Happy Thanksgiving! There are so many things to be thankful for this year: health, family, sunshine, new friends, old friends, people who stay in touch over the miles, a good truck and a warm RV. But, instead of talking about all these blessings, I thought I would help you out with some interesting facts about Thanksgiving. This way you can go armed to your Thanksgiving festivities with some neutral topics to discuss!
This blog is not original material. I searched all over the internet for these facts. But most of them came from one source. The History Channel put together a Thanksgiving page that is interesting, informative, and has lots and lots (really – so much!) of information about any Thanksgiving topic you might want to introduce. Check it out here.
On to the interesting facts:
What is the difference between Pilgrims and Puritans? And which ones came over on the Mayflower? The Pilgrims came over on the Mayflower and settled in Plymouth, Massachusetts. They were separatists who wanted a new religion separate from the Church of England. The Puritans wanted to reform, or purify, the Church of England instead of separate from it. The Church of England responded by persecuting both sects. The Puritans settled in Salem, Massachusetts. Eventually the other New England states would be formed as Puritans and Pilgrims disagreed with each other and separated some more.
How long did it take the Pilgrims to reach Massachusetts and what did they do when they got there? The 102 Pilgrims on the Mayflower sailed from England in September, 1620. It took them 66 days to reach “New England” which meant they got to Massachusetts in November. They were planning on settling in the Hudson Bay area, but were blown off course by storms. Because they landed in Massachusetts in the winter, they spent the first year building homes and living on the Mayflower. Half of them died of starvation and sickness that first winter. The Wampanoags were very helpful in teaching them how to farm in the spring. The Pilgrims celebrated their first Thanksgiving in 1621 because they were so thankful for an abundant harvest that would see them through their second winter.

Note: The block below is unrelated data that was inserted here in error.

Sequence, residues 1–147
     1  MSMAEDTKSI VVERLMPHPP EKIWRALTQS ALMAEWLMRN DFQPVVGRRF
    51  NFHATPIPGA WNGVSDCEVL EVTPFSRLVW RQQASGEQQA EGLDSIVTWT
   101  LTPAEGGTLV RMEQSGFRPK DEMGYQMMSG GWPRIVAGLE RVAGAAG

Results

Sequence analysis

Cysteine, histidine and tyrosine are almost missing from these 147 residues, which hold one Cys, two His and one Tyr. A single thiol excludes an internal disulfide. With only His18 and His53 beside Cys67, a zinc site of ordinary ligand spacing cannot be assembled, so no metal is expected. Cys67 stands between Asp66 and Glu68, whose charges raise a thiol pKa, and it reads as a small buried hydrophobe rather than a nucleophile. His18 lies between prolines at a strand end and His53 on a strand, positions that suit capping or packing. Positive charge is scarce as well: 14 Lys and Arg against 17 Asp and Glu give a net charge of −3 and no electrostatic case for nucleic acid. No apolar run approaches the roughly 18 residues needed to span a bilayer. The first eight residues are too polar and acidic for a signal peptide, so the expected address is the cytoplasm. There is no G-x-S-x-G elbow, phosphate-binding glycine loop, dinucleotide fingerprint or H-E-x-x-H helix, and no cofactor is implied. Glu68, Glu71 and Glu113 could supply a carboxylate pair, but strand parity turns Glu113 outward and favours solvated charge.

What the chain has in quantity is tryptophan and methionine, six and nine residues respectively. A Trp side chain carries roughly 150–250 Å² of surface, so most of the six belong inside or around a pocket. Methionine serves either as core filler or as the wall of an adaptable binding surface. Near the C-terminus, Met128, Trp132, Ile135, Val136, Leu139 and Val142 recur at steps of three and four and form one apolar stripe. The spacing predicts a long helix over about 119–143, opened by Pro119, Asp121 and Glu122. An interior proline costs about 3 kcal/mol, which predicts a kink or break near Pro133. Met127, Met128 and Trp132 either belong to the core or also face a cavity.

When was Thanksgiving established as a national holiday? Although there were Thanksgiving days celebrated nationally (for example in 1777 and 1789), the states had their own days of thanksgiving throughout the year. Sarah Josepha Hale, a magazine editor, started a one-woman campaign to establish a national day of Thanksgiving. She worked on this project for thirty years until President Lincoln established a national day of Thanksgiving on the last Thursday of November in 1863. The date still moved around a little until Congress set the date as the fourth Thursday of November in 1941.
Why do we eat what we eat on Thanksgiving? Although the Pilgrims ate wild turkey, they probably had venison and goose on the first Thanksgiving day. Over time, however, turkeys were served at family gatherings because they were big enough to serve a large family. When William Bradford‘s journal was reprinted in 1856, Sarah Hale seized on the items listed in the journal as good things to eat on Thanksgiving. She published many of the recipes we use today in “The Ladies Magazine,” citing them as traditional Thanksgiving foods.
When did some of the Thanksgiving traditions start? The Macy’s Thanksgiving Parade started in 1924. Today 3.4 million people watch it live in New York City and 65 million watch a broadcast of it. Football on Thanksgiving started with the Detroit Lions playing the Chicago Bears in 1934. This was the first nationally broadcast football game (broadcast on radio). The Dallas Cowboys decided to get in on the Thanksgiving tradition when the American Football League started in 1960. When the NFL network began broadcasting, they added a third Thanksgiving game. Today the Detroit Lions will play the Minnesota Vikings, the Dallas Cowboys will play the Washington Redskins, and the NFL network game will be the Pittsburgh Steelers and the Indianapolis Colts. One final tradition: the President started pardoning turkeys every year with George H.W. Bush in 1989. Subsequent Presidents have continued the tradition.
So there you have some interesting facts about Thanksgiving. Feel free to use them in talking around the table. And have a very wonderful and blessed Thanksgiving Day.